The ULTIMATE workbench

Discussion in 'General Electronics Chat' started by Bear_2759, Aug 6, 2010.

  1. Bear_2759

    Thread Starter Active Member

    May 23, 2008
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    Tell me guys, what gear would you have in/on your ultimate workbench?
    I've just been given a 1.8mx1.8m office desk (brand new) and plan on building a divider like wall at the back of it (both sides) with all sorts of gear built in. e.g. a range of different voltage supplies ac and dc, fuses on the front that can easily be changed, exhaust fan to suck those nasty fumes away that I've had up my nose a few times, handy circuits like frequency generator, a few meters and other stuff, a 17 inch touch screen hooked up to a PC mounted on the underside of the desk. the PC I'll use as my oscilliscope as I've only ever made low voltage/amperage dc gear. there'll be some component storage space too. so what would you guys have? I need ideas?
     
  2. mcgyvr

    AAC Fanatic!

    Oct 15, 2009
    4,769
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    A fridge to keep the BEER cold...
     
  3. marshallf3

    Well-Known Member

    Jul 26, 2010
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    I've found that space (including storage space) is always a priority so build as large as you can and don't worry about adding shelves all the way to the ceiling if feasable.

    I also like to keep an old (but still useable) 12V battery under the bench with a trickle charger on it and (fused) binding posts up top. There are times you'll appreciate the extra current capability and the 12V will always be so without having to fiddle with power supply knobs. This could be expanded by adding a switch and some 78xx regulators so you've got quick access to common voltages from a small plate that takes up very little real estate.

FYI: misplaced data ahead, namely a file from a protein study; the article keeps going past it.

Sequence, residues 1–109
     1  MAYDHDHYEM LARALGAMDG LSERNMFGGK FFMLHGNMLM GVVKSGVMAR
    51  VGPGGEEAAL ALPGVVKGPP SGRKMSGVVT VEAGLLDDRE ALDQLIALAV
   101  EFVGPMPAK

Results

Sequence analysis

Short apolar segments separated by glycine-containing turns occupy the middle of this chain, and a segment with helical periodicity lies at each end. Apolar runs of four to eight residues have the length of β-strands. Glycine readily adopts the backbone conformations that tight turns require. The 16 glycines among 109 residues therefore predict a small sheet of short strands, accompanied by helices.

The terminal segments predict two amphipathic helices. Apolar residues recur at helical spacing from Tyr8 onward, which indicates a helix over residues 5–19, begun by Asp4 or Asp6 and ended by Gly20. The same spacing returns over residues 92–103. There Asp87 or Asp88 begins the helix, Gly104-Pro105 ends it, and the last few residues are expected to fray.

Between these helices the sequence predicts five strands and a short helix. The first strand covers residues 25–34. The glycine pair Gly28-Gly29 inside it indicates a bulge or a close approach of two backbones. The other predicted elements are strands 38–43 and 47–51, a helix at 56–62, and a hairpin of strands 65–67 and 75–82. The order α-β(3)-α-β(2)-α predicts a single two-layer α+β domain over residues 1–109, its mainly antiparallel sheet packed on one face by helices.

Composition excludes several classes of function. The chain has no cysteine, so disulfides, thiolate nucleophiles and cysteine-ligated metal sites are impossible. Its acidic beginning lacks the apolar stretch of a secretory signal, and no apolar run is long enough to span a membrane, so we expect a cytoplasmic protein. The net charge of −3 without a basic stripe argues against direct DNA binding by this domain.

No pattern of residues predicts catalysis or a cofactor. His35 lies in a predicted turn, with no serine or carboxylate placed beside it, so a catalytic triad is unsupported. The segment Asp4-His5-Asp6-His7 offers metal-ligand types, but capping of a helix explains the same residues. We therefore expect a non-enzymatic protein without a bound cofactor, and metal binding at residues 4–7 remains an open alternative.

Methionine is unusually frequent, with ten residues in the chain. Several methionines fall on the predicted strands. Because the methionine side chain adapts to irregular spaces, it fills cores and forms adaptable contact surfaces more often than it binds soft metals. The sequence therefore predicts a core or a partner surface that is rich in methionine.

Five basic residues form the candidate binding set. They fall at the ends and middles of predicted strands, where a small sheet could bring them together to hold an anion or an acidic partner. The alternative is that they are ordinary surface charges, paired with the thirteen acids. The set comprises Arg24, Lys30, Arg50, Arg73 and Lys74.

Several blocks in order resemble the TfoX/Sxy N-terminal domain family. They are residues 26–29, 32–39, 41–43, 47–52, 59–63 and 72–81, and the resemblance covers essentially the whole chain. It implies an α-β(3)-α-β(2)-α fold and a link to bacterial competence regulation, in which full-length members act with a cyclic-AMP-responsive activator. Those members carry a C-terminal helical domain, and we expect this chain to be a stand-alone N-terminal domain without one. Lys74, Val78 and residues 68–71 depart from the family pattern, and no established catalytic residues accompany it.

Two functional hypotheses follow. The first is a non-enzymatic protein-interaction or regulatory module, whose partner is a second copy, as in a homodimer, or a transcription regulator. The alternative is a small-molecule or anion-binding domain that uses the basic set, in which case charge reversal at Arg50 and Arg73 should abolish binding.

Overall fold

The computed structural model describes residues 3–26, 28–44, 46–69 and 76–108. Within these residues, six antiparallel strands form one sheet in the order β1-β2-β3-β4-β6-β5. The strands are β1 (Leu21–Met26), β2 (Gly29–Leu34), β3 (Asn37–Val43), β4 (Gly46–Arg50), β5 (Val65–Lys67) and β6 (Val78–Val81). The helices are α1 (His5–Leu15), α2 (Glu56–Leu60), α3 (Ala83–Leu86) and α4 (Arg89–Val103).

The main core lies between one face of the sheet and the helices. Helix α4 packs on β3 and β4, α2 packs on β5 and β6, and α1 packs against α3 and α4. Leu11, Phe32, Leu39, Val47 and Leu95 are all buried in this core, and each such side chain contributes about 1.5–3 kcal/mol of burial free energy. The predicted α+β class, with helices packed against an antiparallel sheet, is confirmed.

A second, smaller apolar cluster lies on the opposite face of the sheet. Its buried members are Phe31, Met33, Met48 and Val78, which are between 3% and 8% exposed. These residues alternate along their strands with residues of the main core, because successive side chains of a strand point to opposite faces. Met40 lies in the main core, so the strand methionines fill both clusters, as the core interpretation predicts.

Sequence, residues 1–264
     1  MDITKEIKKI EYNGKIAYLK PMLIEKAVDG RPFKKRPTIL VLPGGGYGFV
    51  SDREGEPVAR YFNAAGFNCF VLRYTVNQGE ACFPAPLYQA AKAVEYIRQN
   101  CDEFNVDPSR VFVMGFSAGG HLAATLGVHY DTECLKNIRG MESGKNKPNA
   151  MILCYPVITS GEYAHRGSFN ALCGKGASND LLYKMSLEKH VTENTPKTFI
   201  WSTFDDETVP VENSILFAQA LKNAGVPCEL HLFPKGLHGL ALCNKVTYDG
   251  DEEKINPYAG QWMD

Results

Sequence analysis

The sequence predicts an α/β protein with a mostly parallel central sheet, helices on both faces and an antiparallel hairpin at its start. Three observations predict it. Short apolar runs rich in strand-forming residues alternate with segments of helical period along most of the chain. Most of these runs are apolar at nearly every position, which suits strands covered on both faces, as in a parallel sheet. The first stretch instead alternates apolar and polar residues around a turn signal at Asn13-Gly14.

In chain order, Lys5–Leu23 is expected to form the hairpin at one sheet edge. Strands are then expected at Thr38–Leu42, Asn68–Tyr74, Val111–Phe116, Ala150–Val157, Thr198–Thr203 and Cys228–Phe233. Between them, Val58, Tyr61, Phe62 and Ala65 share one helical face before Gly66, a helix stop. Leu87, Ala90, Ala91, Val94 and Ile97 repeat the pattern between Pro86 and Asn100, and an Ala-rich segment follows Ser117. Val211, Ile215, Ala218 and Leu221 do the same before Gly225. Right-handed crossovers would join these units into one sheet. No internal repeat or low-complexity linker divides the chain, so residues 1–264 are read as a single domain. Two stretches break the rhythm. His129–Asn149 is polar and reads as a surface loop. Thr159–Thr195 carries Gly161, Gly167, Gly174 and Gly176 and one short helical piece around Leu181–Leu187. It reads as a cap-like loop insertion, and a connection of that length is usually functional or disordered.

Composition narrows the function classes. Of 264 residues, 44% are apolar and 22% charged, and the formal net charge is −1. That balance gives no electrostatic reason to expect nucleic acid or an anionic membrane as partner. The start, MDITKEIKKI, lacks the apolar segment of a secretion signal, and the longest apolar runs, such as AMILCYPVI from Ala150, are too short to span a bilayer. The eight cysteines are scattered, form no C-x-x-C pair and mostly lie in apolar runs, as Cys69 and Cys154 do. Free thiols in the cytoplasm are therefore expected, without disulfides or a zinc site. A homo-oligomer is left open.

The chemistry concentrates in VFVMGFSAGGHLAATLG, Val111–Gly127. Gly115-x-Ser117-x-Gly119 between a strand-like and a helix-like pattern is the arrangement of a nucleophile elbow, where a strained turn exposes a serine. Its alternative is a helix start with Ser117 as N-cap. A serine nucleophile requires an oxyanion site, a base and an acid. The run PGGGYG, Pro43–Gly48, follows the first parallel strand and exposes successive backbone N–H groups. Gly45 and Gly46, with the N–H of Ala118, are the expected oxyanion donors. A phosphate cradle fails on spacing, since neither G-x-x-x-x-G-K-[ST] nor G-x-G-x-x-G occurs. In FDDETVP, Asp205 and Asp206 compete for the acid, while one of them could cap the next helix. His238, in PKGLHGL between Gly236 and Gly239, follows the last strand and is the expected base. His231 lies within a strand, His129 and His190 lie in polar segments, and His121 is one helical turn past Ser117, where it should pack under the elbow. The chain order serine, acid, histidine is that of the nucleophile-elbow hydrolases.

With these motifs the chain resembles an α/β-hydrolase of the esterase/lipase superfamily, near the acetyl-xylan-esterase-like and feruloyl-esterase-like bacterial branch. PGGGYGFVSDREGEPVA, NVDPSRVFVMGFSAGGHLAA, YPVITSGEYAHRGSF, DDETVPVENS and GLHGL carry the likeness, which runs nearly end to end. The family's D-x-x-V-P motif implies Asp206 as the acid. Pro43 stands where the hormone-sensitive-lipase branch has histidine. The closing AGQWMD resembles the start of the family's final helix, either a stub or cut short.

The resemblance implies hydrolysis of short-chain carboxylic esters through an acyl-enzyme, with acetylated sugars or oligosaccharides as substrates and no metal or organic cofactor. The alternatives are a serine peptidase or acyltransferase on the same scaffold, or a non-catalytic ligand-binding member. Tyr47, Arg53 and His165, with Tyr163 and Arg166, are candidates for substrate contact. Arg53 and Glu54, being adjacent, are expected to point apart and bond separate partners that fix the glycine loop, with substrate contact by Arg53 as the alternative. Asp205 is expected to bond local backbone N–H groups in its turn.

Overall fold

I've also got some Avery templates worked up to label the Stack-On series of storage drawers and I'll share them some day when I figure out how to upload files here.
     
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  4. kingdano

    Member

    Apr 14, 2010
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    1. OScope - not a PC based one just in case.
    2. Function generators - 2 preferrably
    3. A triple output power supply, for +/-20 and constant 5VDC (for op amp rails)
    4. a logic analyzer module
    5. solderless breadboard/wire
    6. pc
    7. basic toolbox - screwdrivers, hammer, saws, files clamps, drill etc
    8. soldering iron/solder/flux
    9. wire of gauges from 14 - 30
    10. boxes of connectors and discrete components, well organized.
    11. a uC module (dev kit or similar)
    12. an FPGA module (dev kit)
    13. access to various line voltages
    14. air compressor
    15. cleaning supplies
    16. proper ventilation



    good start?
     
  5. tom66

    Senior Member

    May 9, 2009
    2,613
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    My bench has;

    1.) A digitising oscilloscope (HP 54501A) A 1988 model, capable of 100 MHz (generally this is about the maximum I think I'll ever need) works good as new and was a bargain at £150.
    2.) A laptop, which is also my main computer.
    3.) A desktop computer. Used as a TV monitor and for its ATX power supply. Also powers a small computer fan which keeps air flowing in the room which makes everything better. A Compaq machine I got for next to nothing. (I have two more... long story.)
    4.) A cheap auto-ranging multimeter.

    I have found this is about enough for me.

    Soon, I will be building a few power supplies and probably getting a basic function generator.
     
  6. t06afre

    AAC Fanatic!

    May 11, 2009
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    This one ?
     
  7. kingdano

    Member

    Apr 14, 2010
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    i laughed.


    that was pretty funny.

    sick setup though!
     
  8. Bear_2759

    Thread Starter Active Member

    May 23, 2008
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    ha, nice one.
    thanks guys, good start, I'm an IT guy so I have plenty of spare PC's that I don't mind if they blow up so using one of those as my o-scope to begin with will do as I can't afford a real one:(
    I might have to look into some of those things as I'm a bit of a noob still and don't know what half of them are:rolleyes:.